'Cheers' fans—anyone with me?
There's a reason 'Cheers' was so successful—the characters. I can say Sam Malone and we all get the same ladies' man, misogynistic, former alcoholic barkeep running through our head. Heck, all I had to do was bring up Norm and everyone got it, right? They have sticking power because, like most really good characters, they're caricatures, just a little shy of reality. That doesn't mean they're unsympathetic—who here doesn't feel for Carla, somewhere deep down inside of you?—but they're not real people. That's what makes the most recognizable, beloved characters, and there are some real masters out there—Mervyn Peakes comes to mind, for me, as well as Robert Rodriguez and Tetsuya Nomura.
How does it work? I have an exercise (I know, I know—I always have an exercise. Sue me.) to help out with that. We all have at least one character sitting in our brains fully formed, right? Get them clear in your head right now, and then grab your thesaurus. Yes, I said the 'T' word. That little book you've been told to keep shelved for so long is officially allowed out of its cage.
I want you to make a list of, say, three to five words that you would use in a brief description of this character—leave some space between them, though, enough to jot down some words. Now take your first word and—no, don't touch the thesaurus yet!—think about it. How many connected words can you think of that bring the right effect to your character? If you wrote angular, maybe you're thinking sharp or pointed or spiny or carved or harsh—anything you can come up with for that single descriptor on your own.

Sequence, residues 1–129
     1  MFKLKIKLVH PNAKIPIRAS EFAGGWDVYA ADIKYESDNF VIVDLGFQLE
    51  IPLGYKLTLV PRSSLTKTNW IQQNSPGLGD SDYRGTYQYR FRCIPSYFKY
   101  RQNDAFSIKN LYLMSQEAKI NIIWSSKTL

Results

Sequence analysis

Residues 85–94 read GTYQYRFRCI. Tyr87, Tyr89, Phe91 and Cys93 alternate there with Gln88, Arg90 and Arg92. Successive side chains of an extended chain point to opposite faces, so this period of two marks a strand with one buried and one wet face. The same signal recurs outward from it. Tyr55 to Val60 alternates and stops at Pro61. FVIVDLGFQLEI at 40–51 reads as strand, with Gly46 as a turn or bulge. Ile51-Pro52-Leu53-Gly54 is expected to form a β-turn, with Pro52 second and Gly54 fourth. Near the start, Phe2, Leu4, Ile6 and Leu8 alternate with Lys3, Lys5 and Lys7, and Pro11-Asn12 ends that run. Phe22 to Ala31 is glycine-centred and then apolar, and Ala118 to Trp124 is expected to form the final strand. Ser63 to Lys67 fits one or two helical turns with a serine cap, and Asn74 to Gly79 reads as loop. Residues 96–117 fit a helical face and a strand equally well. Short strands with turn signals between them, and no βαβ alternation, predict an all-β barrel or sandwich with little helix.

Once you've done that for all of them, crack the thesaurus and go to what you think the best word is on each aspect's list. It may be the original one, or it may not. What matters is that it speaks to you. Put that on another list and look it up in the thesaurus and list your favorites of those words. That's not to say you'll be using them as descriptors in your work, but you now have a different view of this character, a different, perhaps deeper understanding of them physically, emotionally, and mentally.
Now, you could do it for all of your characters—it sounds like a good bit of fun—but eventually you won't have to. Eventually it will internalize and you'll start pulling things together naturally—and that's when your writing really takes off, in my opinion. When you create these skewed characters, it makes your work look better. It sounds crazy but, in practice, it works. Looks at Miranda Priestly from 'The Devil Wears Prada.' No one is actually like that. Look at Irma Prunesquallor from 'Titus Groan.' No one actually looks like that. El Mariachi from 'Desperado', 'El Mariachi' and 'Once Upon a Time in Mexico', Rorschach from 'Watchmen', Bellatrix Lestrange from 'Harry Potter'—they're not realistic. Everyone says they want realism in their fiction, but they want a semblance of realism, in reality (really).
It might sound crazy, but what's the harm in trying?
Trying to figure out how to make people yell my name when I enter the room,